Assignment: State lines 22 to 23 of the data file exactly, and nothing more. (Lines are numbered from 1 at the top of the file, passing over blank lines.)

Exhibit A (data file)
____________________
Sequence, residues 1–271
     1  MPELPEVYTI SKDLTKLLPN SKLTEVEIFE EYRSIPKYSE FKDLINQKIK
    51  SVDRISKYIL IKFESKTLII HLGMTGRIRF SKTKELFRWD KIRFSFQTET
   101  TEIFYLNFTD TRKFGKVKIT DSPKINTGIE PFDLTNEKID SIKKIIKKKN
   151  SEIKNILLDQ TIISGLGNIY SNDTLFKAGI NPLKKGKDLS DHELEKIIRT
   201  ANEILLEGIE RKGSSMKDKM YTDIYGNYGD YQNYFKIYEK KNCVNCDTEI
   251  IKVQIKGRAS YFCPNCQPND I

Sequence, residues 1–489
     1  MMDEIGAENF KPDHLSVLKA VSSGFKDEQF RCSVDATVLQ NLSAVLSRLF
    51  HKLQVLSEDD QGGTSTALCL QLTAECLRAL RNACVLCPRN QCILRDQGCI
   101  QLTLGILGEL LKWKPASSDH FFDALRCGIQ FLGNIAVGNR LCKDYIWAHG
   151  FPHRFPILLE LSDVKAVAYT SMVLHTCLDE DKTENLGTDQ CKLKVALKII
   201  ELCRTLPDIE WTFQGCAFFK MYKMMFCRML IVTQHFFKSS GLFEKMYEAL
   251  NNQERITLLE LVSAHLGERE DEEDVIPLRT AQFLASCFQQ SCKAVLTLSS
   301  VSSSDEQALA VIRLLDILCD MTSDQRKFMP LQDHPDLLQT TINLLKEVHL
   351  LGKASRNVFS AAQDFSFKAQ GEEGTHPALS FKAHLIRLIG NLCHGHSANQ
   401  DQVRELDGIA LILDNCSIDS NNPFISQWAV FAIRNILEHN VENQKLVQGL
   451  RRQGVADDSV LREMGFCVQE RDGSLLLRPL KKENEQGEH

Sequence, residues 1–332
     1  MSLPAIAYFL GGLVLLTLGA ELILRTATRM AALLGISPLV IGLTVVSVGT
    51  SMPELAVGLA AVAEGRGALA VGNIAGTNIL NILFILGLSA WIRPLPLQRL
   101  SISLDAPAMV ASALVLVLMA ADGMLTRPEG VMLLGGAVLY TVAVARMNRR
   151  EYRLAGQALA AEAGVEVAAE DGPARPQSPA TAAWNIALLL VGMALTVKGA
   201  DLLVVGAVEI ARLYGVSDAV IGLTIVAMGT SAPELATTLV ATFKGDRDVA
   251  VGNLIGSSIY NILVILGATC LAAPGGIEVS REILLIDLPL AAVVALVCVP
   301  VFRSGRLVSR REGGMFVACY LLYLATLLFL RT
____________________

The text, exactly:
   101  SISLDAPAMV ASALVLVLMA ADGMLTRPEG VMLLGGAVLY TVAVARMNRR
   151  EYRLAGQALA AEAGVEVAAE DGPARPQSPA TAAWNIALLL VGMALTVKGA